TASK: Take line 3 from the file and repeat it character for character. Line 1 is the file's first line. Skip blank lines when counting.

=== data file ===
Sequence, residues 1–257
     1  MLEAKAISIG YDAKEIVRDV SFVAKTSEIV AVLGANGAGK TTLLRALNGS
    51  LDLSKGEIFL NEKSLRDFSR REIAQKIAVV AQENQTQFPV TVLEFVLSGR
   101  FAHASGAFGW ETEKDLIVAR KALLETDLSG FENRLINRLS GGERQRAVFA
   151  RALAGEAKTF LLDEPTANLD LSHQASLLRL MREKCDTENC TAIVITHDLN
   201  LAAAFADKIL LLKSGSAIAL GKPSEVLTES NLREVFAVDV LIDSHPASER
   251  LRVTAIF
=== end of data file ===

    51  LDLSKGEIFL NEKSLRDFSR REIAQKIAVV AQENQTQFPV TVLEFVLSGR